In May 2014, New Belgium began work on a second brewery in Asheville, North Carolina, which became fully operational in May 2016.[19] The brewery is positioned along the French Broad River on Craven Street in Asheville's River Arts District.[20] New Belgium's brewery, which is 133,000 sq ft (12,400 m2), has capacity to produce up to a half-million barrels of beer.[19] New Belgium plans to invest $175 million in the new facility over seven years.[19] Excluding construction jobs, New Belgium plans to employ 154 workers.[20]

Label design[edit]

Most of New Belgium's beer labels were initially designed by Anne Fitch, a watercolorist whose work appeared on all New Belgium beers for 19 years.[7] In 2006, Fitch artwork appeared on each of the over 125 million bottles sold by New Belgium,[21] In 2010, however, New Belgium unveiled its four-beer Explore Series, whose labels featured a different design. Kim Jordan, the president of New Belgium Brewery, credits the success of New Belgium Brewery in part on Fitch's artwork: "Our beers were good, our labels were interesting to people, and we pretty quickly had a fairly robust following."[22]

Business and energy practices[edit]

Brewery interior

The brewery started in Fort Collins Colorado. The brewery was founded by Jeff Lebesch and Kim Jordan in 1991 and emphasizes eco-friendly practices and employee ownership in its marketing materials. It is located in northeast Fort Collins near the Cache la Poudre River on the grounds of the former Great Western Sugar plant.[citation needed]

In 1998 New Belgium Brewing made it a goal to offset 100% of its electricity through the city's wind-power program.[23][promotional source?] Rather than directly using wind-generated power, the brewery elects to pay an increased rate for their electrical energy, which is supplied by the City of Fort Collins Utilities to ensure it comes from the cleanest source possible.[24][25] About 15% of the brewery's power comes from methane gas created as a byproduct of their on-site water treatment plant.[26] An additional 3% comes from a 300 kW solar array on the brewery's packaging hall in Fort Collins. In 2018, New Belgium Brewing was recognized as one of "the 50 most sustainable companies in the world" at the SEAL Business Sustainability Awards.[27]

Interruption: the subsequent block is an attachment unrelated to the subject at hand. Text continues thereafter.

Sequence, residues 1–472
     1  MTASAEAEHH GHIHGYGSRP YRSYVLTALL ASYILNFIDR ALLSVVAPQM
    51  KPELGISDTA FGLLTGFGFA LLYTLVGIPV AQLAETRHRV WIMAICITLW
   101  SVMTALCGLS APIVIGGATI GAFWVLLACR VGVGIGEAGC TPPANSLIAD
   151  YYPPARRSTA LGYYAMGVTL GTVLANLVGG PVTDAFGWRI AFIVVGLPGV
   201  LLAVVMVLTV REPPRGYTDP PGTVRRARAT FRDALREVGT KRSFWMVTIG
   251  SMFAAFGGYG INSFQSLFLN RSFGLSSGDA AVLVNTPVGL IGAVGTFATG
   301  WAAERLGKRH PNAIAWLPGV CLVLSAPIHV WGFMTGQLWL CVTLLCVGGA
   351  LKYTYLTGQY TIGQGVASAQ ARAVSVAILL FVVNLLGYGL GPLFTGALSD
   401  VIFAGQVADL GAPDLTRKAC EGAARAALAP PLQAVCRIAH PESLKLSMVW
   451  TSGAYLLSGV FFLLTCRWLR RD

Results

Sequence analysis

The brewery also uses an energy-efficient kettle for the brewing process. The Steinecker Merlin kettle heats twice as quickly by boiling thin sheets of wort in the entire kettle at once. This provides significant savings in natural gas consumption.[28]

In 2008, Outside magazine named New Belgium Brewing Company the best place to work in America in the 250+ employee category.[29] Company culture and perks were mentioned in the accolade and such examples include the brewery's Wellness Committee planning activities, such as bike tours, for employees to participate in.[30] In Outside’s The Best Places to Work 2013 list, New Belgium Brewery was ranked 17th and listed as having 484 employees.[31]


  1. ^ "Bios" (PDF). New Belgium Brewing. Archived from the original (PDF) on 19 August 2014. Retrieved 15 August 2014.